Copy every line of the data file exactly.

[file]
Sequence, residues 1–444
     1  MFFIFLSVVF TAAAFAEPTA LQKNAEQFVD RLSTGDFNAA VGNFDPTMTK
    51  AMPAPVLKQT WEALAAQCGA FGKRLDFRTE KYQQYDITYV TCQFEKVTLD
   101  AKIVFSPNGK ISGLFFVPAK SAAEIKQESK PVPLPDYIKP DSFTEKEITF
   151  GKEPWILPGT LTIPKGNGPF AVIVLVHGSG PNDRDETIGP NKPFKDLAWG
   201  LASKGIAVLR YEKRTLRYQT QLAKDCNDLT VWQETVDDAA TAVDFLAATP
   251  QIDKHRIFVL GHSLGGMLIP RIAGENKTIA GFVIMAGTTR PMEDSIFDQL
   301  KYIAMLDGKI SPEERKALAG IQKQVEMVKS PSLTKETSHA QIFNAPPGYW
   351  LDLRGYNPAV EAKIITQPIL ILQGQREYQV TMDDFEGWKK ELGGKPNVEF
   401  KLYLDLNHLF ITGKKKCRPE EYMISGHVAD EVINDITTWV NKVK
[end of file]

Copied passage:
Sequence, residues 1–444
     1  MFFIFLSVVF TAAAFAEPTA LQKNAEQFVD RLSTGDFNAA VGNFDPTMTK
    51  AMPAPVLKQT WEALAAQCGA FGKRLDFRTE KYQQYDITYV TCQFEKVTLD
   101  AKIVFSPNGK ISGLFFVPAK SAAEIKQESK PVPLPDYIKP DSFTEKEITF
   151  GKEPWILPGT LTIPKGNGPF AVIVLVHGSG PNDRDETIGP NKPFKDLAWG
   201  LASKGIAVLR YEKRTLRYQT QLAKDCNDLT VWQETVDDAA TAVDFLAATP
   251  QIDKHRIFVL GHSLGGMLIP RIAGENKTIA GFVIMAGTTR PMEDSIFDQL
   301  KYIAMLDGKI SPEERKALAG IQKQVEMVKS PSLTKETSHA QIFNAPPGYW
   351  LDLRGYNPAV EAKIITQPIL ILQGQREYQV TMDDFEGWKK ELGGKPNVEF
   401  KLYLDLNHLF ITGKKKCRPE EYMISGHVAD EVINDITTWV NKVK